All patients with severe P. falciparum infections and all those who are unable to tolerate drugs orally should receive parenteral therapy. For patients meeting criteria for severe malaria, artesunate is the treatment of choice. If the only indication for parenteral therapy is vomiting or inability to tolerate oral therapy, without any criteria for severe malaria, request IV parenteral quinine (if no contraindications), since supplies of artesunate are limited. Intravenous artesunate and/or quinine are available 24 hours per day through the CMN (see Appendix V).

CATMAT recommends that all severe falciparum malaria patients who require parenteral artesunate receive follow-on therapy to ensure that one complete course of multidrug therapy is given (see Box 7.1).

This recommendation for multidrug follow-on therapy is consistent with malaria treatment guidelines published by the United KingdomFootnote 21 and with the WHOGuidelines for the Treatment of MalariaFootnote 2 but differ from that of the CDCFootnote 22.

Many ancillary treatments have been suggested for the management of severe malaria, but few have been shown to improve outcomeFootnote 2. Individualize fluid resuscitation based on estimated deficit. The optimal rate of resuscitation, the role of colloids versus crystalloids, and the optimal electrolyte composition of the resuscitation solution have not been established, however avoiding unnecessary fluid resuscitation may be advisable in view of some RCT results suggesting possible harm in childrenFootnote 23Footnote 24. Check for hypoglycemia (potentially exacerbated by quinine therapy, which stimulates insulin release) in any patient who deteriorates suddenly, and treat this immediately. Avoid using steroids to treat severe or cerebral malaria since these have been associated with worse outcomesFootnote 2Footnote 6. Correct bleeding and coagulopathy in severe malaria using blood products and injection of vitamin KFootnote 2. Evidence of shock should prompt empiric use of broad-spectrum antibioticsFootnote 2. All patients with malaria should have blood cultures done to exclude intercurrent bacteremia.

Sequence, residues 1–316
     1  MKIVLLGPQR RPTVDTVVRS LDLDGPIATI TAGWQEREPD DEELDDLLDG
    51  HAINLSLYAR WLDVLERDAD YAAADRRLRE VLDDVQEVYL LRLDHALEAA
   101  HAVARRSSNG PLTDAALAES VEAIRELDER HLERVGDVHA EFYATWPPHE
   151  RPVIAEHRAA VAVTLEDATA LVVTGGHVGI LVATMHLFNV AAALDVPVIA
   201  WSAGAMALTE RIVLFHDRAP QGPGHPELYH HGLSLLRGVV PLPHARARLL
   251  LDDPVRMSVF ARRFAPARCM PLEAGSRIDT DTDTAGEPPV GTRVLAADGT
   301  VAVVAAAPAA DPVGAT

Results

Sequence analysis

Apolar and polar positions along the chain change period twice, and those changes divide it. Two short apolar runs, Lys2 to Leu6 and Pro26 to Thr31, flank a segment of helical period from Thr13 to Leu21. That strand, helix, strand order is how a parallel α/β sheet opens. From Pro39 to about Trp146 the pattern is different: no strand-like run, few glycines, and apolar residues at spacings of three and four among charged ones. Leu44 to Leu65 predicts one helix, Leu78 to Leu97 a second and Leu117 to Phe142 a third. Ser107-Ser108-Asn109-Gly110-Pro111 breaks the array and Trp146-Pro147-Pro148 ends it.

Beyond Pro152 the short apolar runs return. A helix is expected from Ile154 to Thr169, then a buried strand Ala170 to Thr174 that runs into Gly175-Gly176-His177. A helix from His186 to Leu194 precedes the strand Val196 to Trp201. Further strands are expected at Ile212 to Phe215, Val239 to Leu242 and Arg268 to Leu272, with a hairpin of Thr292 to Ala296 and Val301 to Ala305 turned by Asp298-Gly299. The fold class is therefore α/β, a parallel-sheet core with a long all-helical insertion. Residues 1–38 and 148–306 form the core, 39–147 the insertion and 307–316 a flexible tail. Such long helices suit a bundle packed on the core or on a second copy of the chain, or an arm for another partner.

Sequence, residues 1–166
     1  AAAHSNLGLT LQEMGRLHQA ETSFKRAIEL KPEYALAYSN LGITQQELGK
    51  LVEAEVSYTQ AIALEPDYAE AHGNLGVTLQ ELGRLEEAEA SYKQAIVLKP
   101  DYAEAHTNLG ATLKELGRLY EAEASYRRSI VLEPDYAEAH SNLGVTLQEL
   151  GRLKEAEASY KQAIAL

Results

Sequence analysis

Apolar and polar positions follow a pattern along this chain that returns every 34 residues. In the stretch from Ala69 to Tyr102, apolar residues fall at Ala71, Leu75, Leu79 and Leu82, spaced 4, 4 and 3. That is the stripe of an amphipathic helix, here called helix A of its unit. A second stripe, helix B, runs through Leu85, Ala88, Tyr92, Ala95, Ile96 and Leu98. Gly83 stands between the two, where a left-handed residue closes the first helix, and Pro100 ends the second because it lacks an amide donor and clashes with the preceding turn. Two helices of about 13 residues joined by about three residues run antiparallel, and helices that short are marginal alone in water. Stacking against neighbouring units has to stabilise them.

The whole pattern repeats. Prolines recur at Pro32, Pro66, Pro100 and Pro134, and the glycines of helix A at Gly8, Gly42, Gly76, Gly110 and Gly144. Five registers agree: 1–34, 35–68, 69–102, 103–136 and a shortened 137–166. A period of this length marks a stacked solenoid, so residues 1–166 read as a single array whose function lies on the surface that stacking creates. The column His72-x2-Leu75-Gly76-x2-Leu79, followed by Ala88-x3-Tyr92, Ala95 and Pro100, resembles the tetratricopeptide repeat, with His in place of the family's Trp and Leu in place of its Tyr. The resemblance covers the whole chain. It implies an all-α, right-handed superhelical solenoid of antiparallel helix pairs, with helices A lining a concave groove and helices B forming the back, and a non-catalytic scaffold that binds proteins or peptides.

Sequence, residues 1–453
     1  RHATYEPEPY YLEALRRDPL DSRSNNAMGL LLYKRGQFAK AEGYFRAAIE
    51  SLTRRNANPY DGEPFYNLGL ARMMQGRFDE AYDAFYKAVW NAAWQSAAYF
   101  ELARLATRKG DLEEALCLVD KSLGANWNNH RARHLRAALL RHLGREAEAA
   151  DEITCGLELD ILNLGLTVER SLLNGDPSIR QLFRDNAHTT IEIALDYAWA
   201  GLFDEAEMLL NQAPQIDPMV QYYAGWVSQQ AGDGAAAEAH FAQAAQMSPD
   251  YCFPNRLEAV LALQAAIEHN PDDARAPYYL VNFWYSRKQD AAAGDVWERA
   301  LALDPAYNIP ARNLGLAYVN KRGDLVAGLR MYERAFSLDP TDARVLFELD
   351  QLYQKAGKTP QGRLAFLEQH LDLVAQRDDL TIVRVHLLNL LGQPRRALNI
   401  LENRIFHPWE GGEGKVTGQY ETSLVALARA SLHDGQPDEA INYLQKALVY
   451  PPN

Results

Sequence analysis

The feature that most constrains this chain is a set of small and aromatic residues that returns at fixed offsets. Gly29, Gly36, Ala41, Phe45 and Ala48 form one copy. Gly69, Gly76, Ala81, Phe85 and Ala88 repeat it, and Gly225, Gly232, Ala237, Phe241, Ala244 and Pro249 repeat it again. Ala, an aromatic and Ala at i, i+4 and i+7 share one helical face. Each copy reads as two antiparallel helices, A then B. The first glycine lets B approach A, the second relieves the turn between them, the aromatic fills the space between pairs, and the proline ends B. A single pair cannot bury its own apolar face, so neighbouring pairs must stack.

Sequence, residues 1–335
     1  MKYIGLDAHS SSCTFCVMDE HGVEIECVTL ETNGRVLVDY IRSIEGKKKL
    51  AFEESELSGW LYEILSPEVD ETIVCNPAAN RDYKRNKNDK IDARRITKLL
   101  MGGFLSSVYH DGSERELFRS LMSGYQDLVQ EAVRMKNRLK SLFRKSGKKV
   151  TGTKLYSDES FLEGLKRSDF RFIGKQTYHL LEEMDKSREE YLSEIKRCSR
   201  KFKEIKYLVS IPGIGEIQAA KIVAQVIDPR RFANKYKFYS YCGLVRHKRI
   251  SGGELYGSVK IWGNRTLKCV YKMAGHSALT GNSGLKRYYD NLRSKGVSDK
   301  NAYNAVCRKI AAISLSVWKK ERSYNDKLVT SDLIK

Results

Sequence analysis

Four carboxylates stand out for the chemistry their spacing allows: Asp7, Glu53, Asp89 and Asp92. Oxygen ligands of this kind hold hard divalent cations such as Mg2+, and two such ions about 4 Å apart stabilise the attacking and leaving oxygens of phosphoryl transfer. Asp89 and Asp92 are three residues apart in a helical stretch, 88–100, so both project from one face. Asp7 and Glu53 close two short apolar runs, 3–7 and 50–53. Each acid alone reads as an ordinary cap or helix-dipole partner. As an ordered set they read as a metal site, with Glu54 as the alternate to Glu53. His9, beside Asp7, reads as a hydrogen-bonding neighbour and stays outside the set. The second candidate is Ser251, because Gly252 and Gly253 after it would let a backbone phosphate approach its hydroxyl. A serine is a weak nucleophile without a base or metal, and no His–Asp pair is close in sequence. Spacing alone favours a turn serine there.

In cases of severe or complicated P. falciparum infection with high parasitemia (> 10%), consider exchange transfusion as a potentially life-saving procedure. The rationale for exchange blood transfusion includes: the removal of infected red blood cells (RBCs) from the circulation, thereby reducing the parasite load; the rapid reduction of the antigen load and burden of parasite-derived toxins and metabolites; the removal of host-derived toxic mediators; and the replacement of rigid unparasitized RBCs with normal-functioning cells, thereby reducing microcirculatory obstruction.